First baseman Josh Ockimey hit 18 home runs for the Double-A Portland Sea Dogs over parts of the 2017-18 seasons. Last year, he hit 25 homers for Triple-A Pawtucket. Derek Davis/Staff Photographer

FORT MYERS, Fla. — The door to the Honda CR-V swung open and both parties looked at their phone, then at each other.

“Josh?” I said.

“Jason?” he responded.

Thus began one of the most interesting seven-minute Lyft rides I’ve taken.

It was on a Saturday last September, when the Red Sox were playing out the string of a wildly disappointing season. It was about 10 in the morning and I was getting a ride from my hotel at the Philadelphia Navy Yard to nearby Citizens Bank Park, where I was to cover Boston’s 6-3 win over the Phillies.

The driver was warm and friendly with a strong presence in the front seat. We exchanged pleasantries. He asked why I was going to the park. I told him I was a Red Sox reporter for the Herald.


Quite humbly, he asked me if I knew another reporter on the beat. I did. He said he’d been interviewed by him a few times.

“Oh, what do you do?” I asked.

“I play baseball,” he said.

The driver was Red Sox prospect Josh Ockimey.

South Philadelphia, born and raised, he was home for the winter after another solid season in the Red Sox organization had ended. Originally drafted in the fifth round by the Red Sox in 2014, he passed on a chance to play for Indiana University to sign with Boston and has been climbing the ranks since.

He grew up in Philly with two working parents and two siblings. His mom works for the state of Pennsylvania. His dad is a sales director for Hewlett Packard.


“I didn’t grow up rich,” he said. “I watched my parents, they worked very hard to take care of us. Seeing that as a kid growing up, that’s how it’s supposed to be. They pass that on to me, my brother and sister. That’s how it is. You want to do something, you have to work.”

Some winters ago, Cole Hamels invited Ockimey to help work a two-day camp for kids in Philadelphia. It was the best-paying winter job Ockimey ever had.

This offseason, he tried a different job.

“I drove for Lyft almost every day,” he said. “Then as the offseason kept going, you’re trying to get into baseball shape. So I was doing it two or three times a week.”

The minor league pay structure isn’t a lucrative one. Players are only issued paychecks during the season and the system requires many of them to work second jobs in the offseason.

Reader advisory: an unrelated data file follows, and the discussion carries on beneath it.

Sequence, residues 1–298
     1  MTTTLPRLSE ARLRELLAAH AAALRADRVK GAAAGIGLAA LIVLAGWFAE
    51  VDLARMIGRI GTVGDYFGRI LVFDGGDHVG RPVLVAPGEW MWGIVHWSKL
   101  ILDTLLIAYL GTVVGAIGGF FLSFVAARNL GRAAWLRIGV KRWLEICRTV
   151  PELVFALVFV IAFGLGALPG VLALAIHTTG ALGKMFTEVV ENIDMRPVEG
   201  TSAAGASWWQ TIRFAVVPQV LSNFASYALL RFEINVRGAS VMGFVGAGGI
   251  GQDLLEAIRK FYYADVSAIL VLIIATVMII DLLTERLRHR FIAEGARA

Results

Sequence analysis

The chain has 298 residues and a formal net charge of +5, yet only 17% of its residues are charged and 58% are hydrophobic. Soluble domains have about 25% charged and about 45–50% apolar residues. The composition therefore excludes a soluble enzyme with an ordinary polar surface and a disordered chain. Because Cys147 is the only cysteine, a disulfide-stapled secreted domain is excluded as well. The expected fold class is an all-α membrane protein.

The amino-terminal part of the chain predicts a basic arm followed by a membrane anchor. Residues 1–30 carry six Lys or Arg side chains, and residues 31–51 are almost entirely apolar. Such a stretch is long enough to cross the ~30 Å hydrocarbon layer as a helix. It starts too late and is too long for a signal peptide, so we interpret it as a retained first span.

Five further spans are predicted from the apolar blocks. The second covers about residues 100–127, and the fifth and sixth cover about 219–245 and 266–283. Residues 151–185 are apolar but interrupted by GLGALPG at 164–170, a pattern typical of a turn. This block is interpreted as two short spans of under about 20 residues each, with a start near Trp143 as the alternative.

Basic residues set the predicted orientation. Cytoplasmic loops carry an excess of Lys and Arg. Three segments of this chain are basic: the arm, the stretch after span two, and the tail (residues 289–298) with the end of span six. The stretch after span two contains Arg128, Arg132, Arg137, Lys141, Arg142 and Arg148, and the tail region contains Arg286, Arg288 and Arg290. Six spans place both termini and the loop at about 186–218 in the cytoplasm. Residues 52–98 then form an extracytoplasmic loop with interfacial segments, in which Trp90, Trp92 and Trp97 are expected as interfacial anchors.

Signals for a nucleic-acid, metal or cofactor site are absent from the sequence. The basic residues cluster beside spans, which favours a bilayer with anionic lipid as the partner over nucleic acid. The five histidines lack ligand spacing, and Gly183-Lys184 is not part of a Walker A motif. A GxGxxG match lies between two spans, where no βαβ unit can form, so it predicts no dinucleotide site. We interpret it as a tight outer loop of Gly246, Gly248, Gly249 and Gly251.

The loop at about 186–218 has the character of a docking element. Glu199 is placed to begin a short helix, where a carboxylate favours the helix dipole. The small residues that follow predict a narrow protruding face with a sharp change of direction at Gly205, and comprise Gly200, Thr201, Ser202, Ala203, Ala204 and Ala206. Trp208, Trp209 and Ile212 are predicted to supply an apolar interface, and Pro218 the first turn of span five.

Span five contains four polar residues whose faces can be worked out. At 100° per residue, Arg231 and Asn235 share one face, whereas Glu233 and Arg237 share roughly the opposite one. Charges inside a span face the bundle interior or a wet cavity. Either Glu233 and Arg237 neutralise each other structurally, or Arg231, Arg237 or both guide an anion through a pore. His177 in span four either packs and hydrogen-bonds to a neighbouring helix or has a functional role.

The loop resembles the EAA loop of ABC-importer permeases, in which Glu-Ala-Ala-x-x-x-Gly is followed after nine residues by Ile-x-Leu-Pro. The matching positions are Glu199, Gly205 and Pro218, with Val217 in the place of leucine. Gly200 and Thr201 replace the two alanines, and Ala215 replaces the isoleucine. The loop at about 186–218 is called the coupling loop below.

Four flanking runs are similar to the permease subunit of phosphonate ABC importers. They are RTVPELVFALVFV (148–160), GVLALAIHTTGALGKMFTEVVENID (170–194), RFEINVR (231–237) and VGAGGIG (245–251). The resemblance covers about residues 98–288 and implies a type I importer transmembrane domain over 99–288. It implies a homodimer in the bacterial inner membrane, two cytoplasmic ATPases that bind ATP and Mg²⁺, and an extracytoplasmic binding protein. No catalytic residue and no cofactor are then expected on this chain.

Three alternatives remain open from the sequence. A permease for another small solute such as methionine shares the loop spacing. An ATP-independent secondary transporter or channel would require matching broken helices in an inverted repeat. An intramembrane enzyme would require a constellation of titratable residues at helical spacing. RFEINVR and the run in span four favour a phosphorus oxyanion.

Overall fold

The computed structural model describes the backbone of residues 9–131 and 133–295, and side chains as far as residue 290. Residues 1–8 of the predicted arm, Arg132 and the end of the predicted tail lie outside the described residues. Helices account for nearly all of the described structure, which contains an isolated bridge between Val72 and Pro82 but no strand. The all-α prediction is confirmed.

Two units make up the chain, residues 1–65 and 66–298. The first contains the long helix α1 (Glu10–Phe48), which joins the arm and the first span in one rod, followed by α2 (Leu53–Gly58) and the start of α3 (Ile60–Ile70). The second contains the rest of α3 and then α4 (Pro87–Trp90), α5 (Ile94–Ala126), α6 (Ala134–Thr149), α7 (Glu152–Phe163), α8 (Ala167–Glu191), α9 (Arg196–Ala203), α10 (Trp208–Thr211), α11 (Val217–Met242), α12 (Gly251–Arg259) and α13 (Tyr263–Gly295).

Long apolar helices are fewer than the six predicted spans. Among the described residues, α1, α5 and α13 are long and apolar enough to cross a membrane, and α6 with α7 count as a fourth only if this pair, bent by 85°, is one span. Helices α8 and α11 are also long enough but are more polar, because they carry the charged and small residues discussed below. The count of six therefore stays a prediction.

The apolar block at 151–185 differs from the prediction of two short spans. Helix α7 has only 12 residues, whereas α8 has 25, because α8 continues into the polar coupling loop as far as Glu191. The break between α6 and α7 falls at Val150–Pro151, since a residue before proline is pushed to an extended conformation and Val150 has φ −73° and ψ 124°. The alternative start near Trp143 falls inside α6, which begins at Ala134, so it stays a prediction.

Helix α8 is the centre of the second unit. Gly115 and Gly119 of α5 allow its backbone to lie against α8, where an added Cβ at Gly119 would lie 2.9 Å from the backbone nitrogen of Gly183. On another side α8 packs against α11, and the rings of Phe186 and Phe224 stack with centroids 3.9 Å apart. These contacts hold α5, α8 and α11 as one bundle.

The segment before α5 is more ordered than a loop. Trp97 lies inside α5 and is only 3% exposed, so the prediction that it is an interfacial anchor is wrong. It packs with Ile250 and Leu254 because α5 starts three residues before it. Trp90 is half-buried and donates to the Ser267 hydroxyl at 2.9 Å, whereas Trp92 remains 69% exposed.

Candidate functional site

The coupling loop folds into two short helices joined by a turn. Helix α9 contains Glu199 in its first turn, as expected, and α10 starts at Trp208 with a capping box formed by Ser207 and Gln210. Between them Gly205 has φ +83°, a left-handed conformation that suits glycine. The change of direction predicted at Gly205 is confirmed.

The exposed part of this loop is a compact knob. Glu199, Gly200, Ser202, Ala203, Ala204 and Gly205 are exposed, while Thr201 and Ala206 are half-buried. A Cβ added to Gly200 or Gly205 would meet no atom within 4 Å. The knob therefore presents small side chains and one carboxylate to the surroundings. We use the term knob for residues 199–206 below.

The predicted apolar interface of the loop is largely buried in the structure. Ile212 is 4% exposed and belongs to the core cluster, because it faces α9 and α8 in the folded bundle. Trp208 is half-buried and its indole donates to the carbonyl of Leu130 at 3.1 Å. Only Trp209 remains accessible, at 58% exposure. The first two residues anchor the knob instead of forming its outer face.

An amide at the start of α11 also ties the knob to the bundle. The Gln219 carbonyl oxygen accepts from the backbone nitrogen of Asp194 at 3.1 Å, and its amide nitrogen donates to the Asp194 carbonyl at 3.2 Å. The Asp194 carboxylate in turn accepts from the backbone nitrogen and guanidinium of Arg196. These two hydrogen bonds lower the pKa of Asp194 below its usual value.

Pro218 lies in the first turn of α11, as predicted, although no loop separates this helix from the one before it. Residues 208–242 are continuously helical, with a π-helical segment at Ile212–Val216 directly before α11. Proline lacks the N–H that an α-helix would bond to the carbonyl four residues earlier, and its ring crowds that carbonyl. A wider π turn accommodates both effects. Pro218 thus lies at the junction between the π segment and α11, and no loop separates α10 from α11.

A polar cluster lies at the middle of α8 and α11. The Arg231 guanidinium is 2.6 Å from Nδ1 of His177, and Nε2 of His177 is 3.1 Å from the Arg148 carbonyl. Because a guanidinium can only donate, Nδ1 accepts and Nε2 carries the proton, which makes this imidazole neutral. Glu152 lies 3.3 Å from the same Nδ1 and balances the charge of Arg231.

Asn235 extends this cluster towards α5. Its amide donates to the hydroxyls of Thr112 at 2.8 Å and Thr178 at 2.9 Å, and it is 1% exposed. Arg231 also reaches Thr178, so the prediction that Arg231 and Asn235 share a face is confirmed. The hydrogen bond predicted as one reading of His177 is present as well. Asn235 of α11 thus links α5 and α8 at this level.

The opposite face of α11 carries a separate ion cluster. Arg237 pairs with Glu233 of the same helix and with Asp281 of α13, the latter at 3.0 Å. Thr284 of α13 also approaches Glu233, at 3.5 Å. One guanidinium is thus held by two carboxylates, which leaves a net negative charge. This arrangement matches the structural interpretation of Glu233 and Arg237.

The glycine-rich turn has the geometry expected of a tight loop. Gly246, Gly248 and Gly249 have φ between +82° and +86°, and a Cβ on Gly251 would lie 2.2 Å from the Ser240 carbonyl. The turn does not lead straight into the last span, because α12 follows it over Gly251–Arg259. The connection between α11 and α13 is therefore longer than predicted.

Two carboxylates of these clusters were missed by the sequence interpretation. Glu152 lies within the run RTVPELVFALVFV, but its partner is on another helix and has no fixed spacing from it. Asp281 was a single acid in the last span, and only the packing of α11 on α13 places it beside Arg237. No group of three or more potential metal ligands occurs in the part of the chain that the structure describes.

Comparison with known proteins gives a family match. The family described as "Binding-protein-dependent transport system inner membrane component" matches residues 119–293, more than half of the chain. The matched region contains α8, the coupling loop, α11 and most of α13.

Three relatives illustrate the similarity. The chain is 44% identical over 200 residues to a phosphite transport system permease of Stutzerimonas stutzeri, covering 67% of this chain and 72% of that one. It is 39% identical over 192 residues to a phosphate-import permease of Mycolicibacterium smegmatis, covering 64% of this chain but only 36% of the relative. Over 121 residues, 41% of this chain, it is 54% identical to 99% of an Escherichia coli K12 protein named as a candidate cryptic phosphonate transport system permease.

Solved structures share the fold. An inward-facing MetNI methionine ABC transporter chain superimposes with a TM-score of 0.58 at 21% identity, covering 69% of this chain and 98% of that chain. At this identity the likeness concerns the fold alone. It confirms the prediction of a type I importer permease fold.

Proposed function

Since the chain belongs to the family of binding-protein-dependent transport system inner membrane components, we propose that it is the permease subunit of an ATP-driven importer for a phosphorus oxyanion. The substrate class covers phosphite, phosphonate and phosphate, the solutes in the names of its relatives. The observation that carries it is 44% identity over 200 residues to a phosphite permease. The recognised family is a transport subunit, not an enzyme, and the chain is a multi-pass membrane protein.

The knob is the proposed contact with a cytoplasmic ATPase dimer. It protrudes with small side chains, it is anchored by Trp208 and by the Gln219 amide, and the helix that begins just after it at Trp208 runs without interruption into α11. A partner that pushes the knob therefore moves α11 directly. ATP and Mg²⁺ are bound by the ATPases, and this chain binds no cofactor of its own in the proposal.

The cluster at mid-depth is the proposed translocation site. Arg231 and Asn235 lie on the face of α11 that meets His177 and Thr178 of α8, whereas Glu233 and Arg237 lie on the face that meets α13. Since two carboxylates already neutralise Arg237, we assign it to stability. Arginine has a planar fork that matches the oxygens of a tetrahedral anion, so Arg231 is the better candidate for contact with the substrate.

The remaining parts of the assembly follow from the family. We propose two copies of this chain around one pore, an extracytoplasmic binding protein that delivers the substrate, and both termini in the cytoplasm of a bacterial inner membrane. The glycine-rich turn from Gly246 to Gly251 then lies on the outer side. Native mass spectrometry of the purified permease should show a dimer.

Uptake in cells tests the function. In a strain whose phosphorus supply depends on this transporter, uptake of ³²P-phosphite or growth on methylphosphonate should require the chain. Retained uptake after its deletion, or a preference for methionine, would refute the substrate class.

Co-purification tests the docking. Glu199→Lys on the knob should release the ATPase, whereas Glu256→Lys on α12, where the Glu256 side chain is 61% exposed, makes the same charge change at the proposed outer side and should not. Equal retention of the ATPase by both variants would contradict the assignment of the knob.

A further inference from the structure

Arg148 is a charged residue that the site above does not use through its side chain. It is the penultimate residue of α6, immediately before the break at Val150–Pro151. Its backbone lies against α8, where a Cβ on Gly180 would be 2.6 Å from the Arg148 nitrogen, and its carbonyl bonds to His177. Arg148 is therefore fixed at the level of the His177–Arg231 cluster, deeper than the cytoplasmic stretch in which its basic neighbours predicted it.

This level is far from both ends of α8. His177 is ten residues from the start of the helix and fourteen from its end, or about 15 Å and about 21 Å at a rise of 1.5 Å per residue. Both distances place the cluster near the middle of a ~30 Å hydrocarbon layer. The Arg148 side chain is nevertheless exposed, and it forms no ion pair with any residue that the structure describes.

Ockimey, 24, wanted his own place to stay and chose not to stay with his parents this offseason. He supported himself.


But driving Lyft wasn’t just for the money.

“Take away the money aspect of it,” he said. “When I was driving I met some really good people.

“I had the president of the city’s recreation department or something. I had her in my Lyft and she said she takes care of all the charity events that go on in Philly. That stuff is really cool to me. Just being normal. Just having normal conversations with people. They enjoy it. And it makes fun out of a daily drive.”

Ockimey would start his shifts at 5 a.m. on most mornings and work for a while. As the offseason went on, he’d wrap up at about 9 a.m.

“The rest of the day was just to work out,” he said.

After a 20-homer season between Double-A Portland and Triple-A Pawtucket in 2018, Ockimey was invited to the prestigious Arizona Fall League, where some of the game’s best prospects go to play. He batted just .172 with one homer in 18 games.


In 2019, the 6-foot-1, 215-pound first baseman knocked out 25 homers with an .811 OPS as a 23-year-old for the PawSox.

He earned a big league invite this spring and hit two homers with a .905 OPS in 11 games for the big league club before he was reassigned to minor league camp on Sunday.

“Feels like I got back to just having fun out there,” he said. “I think that’s the biggest thing. I kind of threw out the results because I know I’ve played better when I am having fun.”

The fun started in the offseason, driving Lyft around his hometown.

On that particular September day, the Red Sox used four players Ockimey had spent most of the season alongside in Pawtucket: Chris Owings, Sam Travis, Goryks Hernandez and Marco Hernandez.

Instead of being at the park, living his dream with his teammates on the field, Ockimey was dropping off a reporter at the press gate for about $10.

Looking back, Ockimey smiles.

“It’s not something to really get upset about,” he said. “You just have to realize it and go, ‘All right, this is my goal, stick to working towards that goal. Whatever I need to do to get to that goal, that’s what it’s got to be.'”

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